May 24, 2019

Christian Unity in Appalachia

appal200.jpgWhere I live, there’s a remarkable amount of visible unity among Christians. I’d like to describe it for you, at least as I’ve seen and experienced it.

I live in one of the poorest regions of the United States. Two counties near to us are in the federal government’s list of the ten poorest counties in America. We are probably one of the two or three poorest congressional districts in the country.

Churches and the people in them are quite poor. A megachurch here is any church with a nice facility and more than 200 members. (We have two of these, by my count.)

Because of that poverty, churches do many things together, share facilities, pool their money for community projects and help one another out without many questions of doctrine.

Most pastors are eager to work with other ministers and churches in community causes. The sense of calling to the local community is strong here.

Pentecostals and charismatics dominate the religious landscape here both numerically and influentially, with Baptists, mainlines and Catholics following in that order. These Pentecostal and charismatic churches often initiate efforts at cooperation. These community efforts include prayer meetings, pastoral prayer ministries, coordination of jail ministries, coordination of responses to community programs, encouraging support of parachurch ministries and concerts and crusades.

Recently, two leading pastors, one charismatic, one Baptist, have led the community in cooperating with a federal drug strategy aimed at making significant headway against drug dealers and corrupt law enforcement. This has included monitoring judges and public officials, funding and staffing a drug treatment center with a Christian approach, and urging churches to become involved in opposing the distribution and use of drugs in the community.

Drug use has become a pervasive problem in eastern Kentucky, and this cause has brought together Christians from almost every church to pray, work, train and become politically involved. The result is a remarkable amount of unity among diverse Christian communities as they work against common enemies- drug use and corruption- with a common strategy at the core : the eventual conversion of dealers and users to Christ.

Our community also has several parachurch ministries with broad support across the denominational spectrum. These include a large and active Christian Youth Center using sports and recreation, several private Christian schools, a large Christian music festival, and this year, a vacation Bible school that brought together the resources of ten different churches.

Because our community has a large public school that is the primary source of community pride and identity, local churches and Christians focus on ministry in the public schools. This means that organizations such as the Fellowship of Christian Athletes are generously supported by churches and the school administration. The lack of religious and cultural diversity in our community means that demonstrations of Christian faith are common in the public schools. Teachers have no fear of prosecution if they read the Bible or lead a class in prayer.

Local ministers have also used the “Ten Commandments” cases in a neighboring county to promote a strong, across-the-spectrrum support for public display of the commandments. One day I was giving a test over the Ten Commandments in a high school Bible class, when I noticed, in the middle of the exam, that someone had hung a large, ornate copy of the Ten Commandments on the wall. I had no idea where it came from, but the students were grateful.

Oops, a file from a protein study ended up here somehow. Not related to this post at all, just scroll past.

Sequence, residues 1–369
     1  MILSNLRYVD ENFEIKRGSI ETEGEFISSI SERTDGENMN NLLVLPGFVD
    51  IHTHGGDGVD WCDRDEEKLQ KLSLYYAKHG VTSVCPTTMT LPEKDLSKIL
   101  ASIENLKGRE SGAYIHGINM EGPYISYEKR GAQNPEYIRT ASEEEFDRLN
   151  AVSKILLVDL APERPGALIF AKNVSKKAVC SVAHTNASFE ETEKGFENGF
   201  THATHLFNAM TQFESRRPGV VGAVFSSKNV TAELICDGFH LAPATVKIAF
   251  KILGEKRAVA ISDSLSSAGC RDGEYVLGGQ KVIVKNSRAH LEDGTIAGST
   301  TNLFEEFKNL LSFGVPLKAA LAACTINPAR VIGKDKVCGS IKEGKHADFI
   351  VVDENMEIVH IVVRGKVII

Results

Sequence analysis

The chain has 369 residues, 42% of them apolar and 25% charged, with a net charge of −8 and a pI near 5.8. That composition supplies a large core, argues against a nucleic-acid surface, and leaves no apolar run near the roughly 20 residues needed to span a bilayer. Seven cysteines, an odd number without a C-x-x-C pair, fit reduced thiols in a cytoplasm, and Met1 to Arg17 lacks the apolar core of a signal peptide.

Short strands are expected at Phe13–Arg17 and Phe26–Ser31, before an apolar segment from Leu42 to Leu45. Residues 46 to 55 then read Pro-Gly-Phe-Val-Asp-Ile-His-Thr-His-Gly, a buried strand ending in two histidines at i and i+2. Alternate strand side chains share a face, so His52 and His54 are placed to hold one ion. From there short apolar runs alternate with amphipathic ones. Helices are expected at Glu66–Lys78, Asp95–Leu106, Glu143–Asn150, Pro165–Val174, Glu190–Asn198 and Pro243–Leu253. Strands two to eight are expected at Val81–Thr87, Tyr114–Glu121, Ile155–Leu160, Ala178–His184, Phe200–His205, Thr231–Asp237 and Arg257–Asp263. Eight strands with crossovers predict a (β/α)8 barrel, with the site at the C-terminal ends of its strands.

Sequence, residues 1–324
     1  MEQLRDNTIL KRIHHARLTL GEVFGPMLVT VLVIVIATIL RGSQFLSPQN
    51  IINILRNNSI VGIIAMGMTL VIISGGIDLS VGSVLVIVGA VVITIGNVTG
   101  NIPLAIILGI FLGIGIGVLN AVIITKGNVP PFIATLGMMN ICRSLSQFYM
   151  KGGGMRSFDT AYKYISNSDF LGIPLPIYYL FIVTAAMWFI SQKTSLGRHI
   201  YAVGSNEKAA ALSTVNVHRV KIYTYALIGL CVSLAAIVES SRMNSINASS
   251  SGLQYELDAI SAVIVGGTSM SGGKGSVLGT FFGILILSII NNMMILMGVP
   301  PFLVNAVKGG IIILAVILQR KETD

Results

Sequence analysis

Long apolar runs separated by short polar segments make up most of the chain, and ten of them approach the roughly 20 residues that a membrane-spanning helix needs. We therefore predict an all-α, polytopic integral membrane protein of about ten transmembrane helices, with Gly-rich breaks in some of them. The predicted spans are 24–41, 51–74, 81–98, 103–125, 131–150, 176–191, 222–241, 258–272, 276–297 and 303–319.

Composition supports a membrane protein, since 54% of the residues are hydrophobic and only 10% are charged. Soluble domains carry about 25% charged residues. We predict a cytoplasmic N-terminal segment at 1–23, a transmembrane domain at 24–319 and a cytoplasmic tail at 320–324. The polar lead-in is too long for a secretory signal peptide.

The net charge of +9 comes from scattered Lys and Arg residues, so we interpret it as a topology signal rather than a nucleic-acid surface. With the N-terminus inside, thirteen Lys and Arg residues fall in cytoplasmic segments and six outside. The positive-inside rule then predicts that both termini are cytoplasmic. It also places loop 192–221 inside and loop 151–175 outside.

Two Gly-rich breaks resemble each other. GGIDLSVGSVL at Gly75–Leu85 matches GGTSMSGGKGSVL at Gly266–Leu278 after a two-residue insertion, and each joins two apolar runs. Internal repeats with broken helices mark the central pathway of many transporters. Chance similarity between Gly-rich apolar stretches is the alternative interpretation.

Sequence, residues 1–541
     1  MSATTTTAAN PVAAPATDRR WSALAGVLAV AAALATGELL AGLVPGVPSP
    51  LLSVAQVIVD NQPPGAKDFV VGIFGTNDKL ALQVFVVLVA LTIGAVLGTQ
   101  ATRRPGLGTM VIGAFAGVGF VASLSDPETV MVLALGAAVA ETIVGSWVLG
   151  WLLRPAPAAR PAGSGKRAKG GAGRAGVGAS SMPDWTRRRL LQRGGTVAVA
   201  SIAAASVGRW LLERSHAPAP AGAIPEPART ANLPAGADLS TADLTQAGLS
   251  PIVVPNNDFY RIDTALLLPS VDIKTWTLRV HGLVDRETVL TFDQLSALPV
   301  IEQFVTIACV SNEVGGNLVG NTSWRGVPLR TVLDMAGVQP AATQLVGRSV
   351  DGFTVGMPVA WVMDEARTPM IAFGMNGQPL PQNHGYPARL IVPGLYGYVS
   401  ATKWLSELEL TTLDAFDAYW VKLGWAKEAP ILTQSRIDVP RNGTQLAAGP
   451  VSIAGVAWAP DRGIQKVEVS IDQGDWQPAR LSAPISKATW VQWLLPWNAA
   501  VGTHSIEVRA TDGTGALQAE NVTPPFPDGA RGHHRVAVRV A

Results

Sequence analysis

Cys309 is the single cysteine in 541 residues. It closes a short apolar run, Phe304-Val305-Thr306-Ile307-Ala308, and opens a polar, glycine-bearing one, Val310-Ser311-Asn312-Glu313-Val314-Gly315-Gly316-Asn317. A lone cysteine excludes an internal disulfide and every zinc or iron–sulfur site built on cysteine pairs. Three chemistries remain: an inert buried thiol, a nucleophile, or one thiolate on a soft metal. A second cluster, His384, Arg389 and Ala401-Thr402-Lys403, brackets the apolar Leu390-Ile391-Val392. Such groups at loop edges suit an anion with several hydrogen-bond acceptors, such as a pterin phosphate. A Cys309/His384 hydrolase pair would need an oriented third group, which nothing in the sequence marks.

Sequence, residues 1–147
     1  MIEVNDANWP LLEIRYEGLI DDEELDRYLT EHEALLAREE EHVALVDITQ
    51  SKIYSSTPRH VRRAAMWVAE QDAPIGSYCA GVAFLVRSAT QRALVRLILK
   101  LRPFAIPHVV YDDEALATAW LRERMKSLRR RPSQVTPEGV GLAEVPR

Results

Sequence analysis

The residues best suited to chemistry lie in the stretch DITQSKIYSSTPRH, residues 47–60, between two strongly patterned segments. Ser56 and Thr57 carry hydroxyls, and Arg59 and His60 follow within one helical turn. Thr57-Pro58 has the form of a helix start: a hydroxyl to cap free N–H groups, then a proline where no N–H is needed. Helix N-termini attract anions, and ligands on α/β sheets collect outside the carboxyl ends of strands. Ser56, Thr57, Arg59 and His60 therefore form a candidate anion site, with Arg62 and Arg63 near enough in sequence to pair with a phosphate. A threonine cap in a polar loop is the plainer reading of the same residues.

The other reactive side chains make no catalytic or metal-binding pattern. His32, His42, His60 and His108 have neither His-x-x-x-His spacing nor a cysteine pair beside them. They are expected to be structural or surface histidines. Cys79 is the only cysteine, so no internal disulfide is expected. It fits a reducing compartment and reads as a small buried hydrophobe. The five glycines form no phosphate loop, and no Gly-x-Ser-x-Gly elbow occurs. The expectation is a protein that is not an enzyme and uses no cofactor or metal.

Many of the people in the local Christian community share a common appreciation for Gospel music done in the unique style of the mountains. Contemporary praise and worship is present here in the mountains, but if you hear it used in worship, you will notice that in most cases it has been “acculturated” in sound and style to Appalachia. While some churches use music that is recognizable as the same style you would hear in Lexington and Louisville, there is no doubt that Appalachian culture has a strong influence on worship. I would compare this to the way African-American evangelicals share a common worship expression that generally exerts itself over whatever culture presents an option in worship.

In fact, worship style is quite similar in various kinds of churches. Innovation may cause conflict, but more often I would imagine there is a “coming together” around what is already present in mountain culture. Only a few churches here do not feel like “mountain churches” in worship style. This style of worship is expressive and open to spiritual expressions and experience. Even Presbyterians say “amen” here, and Baptists frequently seem little different from Pentecostals.

Funerals, weddings and revivals remain community events that bring people together around a common Christian faith. It is not unusual to drive past a funeral home on a weeknight and see 200 people visiting one another. In urban areas, this kind of community experience is rare unless the person is a member of a larger sub-community like a workplace or a large church.

We have one hospital in our county, and it is openly Christian in its approach. Much Christian fellowship occurs there at times when families are in crisis. A clinic in our community was called “Christian Cardiology.” These are signals of the presence of a strong “Christian” element that exists outside of denominational and traditional lines.

There is a general feeling in our community that most people are Christians, or if they are not, they will be when they face some of life’s realities. Conversions in our community are frequent, and almost always take the path of a person raised inside the faith returning to the faith of their family and church; the faith of grandparents and parents.”

Whatever can be said about this culture and the place of Christianity in it, there is no doubt that the average Christian here experiences a kind of visible and experiential unity with the larger Christian community that is rare elsewhere. This unity is not highly doctrinal, but it is not absent a doctrinal core. The emphasis is highly experiential and often deeply flawed, but from this unity hundreds of Christians worship, pray and work together.